Francis sprang up and went. To go and do something was one of the driving demands of his nature; probably he had gone and done it before he had at all thoroughly thought out what he had done. … In the coarse conventional language of the uncomprehending world, he stole. Similarly, when Silk becomes aware that his manteion (church) and its adjoining palaestra (school) have been sold to the crime lord Blood, he, like St. Francis, acts immediately, though irrationally, infiltrating Blood’s villa and attempting to steal the deed for the buildings. He fails, however, when he falls from the villa’s roof, breaks his ankle and is apprehended by Blood’s guards. Silk is then forced to agree to Blood’s demand for 26,000 cards (the currency of the city) for the property, double what Blood claims to have paid, although we later discover he only paid thirteen hundred: “Only when I’d talked to him a little, I made it thirteen thousand,” Blood boasts, “because he really thought those old buildings in the middle of that slum were priceless” .
According to Chesterton, after St. Francis’s release from jail for the theft and resale of some of his father’s possessions, he took to the streets and begged for bricks, which he used to repair the Church of St. Damian. Only later did he realise that:
he was labouring at a double task, and rebuilding something else as well as the church of Saint Damian. … something that has often enough fallen into ruin but has never been past rebuilding; a church that could always be built anew though it had rotted away to its first foundation stone, against which the gates of hell shall not prevail. Likewise, Silk labours under the misapprehension that the Outsider wishes him to save the physical buildings of his manteion, and many of his actions in The Book of the Long Sun seem to be directed to this end. Only at the close of the final volume, Exodus from the Long Sun, does Silk finally realise what the Outsider truly meant: “I have done it,” he tells some of his followers, “saved it from the dissolution of the whorl. Or at least I will have when we reach the new one. I was to save our manteion; and that is the manteion, all of those people coming together to worship. The rest was trimming, very much including me” . At the end of the tetralogy, Silk realises how drastically he misinterpreted the divine command—that he was meant to save the manteion’s congregation, not its buildings.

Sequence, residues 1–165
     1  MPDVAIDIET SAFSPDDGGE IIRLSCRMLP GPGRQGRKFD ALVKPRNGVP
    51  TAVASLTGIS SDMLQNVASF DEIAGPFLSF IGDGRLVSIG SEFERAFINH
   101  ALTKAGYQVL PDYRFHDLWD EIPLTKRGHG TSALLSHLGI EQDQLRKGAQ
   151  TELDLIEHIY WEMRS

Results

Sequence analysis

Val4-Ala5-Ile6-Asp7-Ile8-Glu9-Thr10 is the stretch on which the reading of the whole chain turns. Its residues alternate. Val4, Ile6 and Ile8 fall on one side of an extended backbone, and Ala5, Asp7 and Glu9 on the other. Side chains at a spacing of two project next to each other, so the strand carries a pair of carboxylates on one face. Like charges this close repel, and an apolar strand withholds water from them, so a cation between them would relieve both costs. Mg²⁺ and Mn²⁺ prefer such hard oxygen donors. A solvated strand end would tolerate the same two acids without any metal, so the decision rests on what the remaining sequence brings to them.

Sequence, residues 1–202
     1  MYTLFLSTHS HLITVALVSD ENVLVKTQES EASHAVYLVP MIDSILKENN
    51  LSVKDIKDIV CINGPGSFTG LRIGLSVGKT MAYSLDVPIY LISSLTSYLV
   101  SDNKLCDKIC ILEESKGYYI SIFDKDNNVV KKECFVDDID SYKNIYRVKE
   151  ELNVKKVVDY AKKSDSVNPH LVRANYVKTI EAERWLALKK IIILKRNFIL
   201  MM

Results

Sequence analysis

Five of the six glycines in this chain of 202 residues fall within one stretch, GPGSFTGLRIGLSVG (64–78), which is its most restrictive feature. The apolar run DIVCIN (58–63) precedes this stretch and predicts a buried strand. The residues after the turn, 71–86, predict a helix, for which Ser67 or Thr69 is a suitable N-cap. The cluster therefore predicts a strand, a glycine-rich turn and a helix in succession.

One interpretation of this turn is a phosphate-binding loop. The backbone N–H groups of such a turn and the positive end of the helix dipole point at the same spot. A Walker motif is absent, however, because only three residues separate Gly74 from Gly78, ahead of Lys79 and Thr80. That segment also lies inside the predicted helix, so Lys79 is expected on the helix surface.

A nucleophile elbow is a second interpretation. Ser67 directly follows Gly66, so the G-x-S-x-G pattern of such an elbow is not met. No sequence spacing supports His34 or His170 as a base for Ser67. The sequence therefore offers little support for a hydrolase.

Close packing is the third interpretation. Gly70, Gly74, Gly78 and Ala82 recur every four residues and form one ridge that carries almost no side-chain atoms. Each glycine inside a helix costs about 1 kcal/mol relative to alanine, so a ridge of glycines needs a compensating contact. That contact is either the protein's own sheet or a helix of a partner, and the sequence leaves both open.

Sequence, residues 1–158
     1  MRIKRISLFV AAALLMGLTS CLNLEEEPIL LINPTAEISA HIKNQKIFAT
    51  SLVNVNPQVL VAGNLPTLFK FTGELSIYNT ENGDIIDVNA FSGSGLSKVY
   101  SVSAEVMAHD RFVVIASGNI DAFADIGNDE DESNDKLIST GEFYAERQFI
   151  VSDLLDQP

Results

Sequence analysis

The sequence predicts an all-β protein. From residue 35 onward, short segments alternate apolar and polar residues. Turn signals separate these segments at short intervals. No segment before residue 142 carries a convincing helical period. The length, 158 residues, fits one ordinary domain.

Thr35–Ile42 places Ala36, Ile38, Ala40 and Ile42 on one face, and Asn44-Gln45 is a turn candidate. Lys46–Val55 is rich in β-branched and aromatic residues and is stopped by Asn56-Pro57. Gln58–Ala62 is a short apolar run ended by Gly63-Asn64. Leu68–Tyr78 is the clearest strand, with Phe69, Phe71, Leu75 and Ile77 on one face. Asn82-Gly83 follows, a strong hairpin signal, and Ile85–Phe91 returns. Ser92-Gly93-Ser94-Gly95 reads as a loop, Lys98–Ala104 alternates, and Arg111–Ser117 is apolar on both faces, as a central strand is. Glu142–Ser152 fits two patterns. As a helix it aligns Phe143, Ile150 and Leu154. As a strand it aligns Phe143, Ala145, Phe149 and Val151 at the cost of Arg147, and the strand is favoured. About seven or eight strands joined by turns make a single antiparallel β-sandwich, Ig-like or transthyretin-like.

Silk’s gradual reassertion, throughout the series, of a distinctly Christian monotheism also seems to echo Chesterton’s declaration that the true church, the spiritual church, can always be rebuilt, even if it seems to have rotted away almost entirely, as is the case in Silk’s world. Thus, Chesterton’s distinctive retelling of St. Francis’s story, with its own emphases and commentaries, seems to have influenced Wolfe’s own understanding of divine calling and his portrayal of Silk’s enlightenment, motivations and actions. Wolfe’s debt to Chesterton, particularly in his characterisation of Silk, places The Book of the Long Sun firmly within a distinctively Catholic literary tradition.
 Gene Wolfe, The Best of Gene Wolfe: A Definitive Retrospective of his Finest Short Fiction (New York: Tor-Tom Doherty, 2009) 346.
 Martin Gardner, Introduction to The Annotated Innocence of Father Brown, by G. K. Chesterton, with introduction and notes by Martin Gardner (Oxford: Oxford UP, 1987) 1.
 See Nick Gevers's two brilliant articles on The Book of the Long Sun: http://www.ultan.org.uk/five-steps-towards-briah/ and http://www.ultan.org.uk/the-reader-as-augur/
 Christopher Beiting, “The Divine Irruption in Gene Wolfe’s The Book of the Long Sun.” Logos: A Journal of Catholic Thought and Culture 11.3 (2008): 92.
 G. K. Chesterton, St. Francis of Assisi, 1923 (London: Hodder and Stoughton, 1943) 62-3.
 Gene Wolfe, Lake of the Long Sun, 1994, in: Litany of the Long Sun (New York: Orb-Tom Doherty, 2000) 281-2.
 Chesterton, St. Francis of Assisi, 63.
 Gene Wolfe, Caldé of the Long Sun, 1994, in: Epiphany of the Long Sun (New York: Orb-Tom Doherty, 2000) 283.
 Chesterton, St. Francis of Assisi, 68-9.
 Gene Wolfe, Exodus from the Long Sun, 1996, in: Epiphany of the Long Sun (New York: Orb-Tom Doherty, 2000) 702.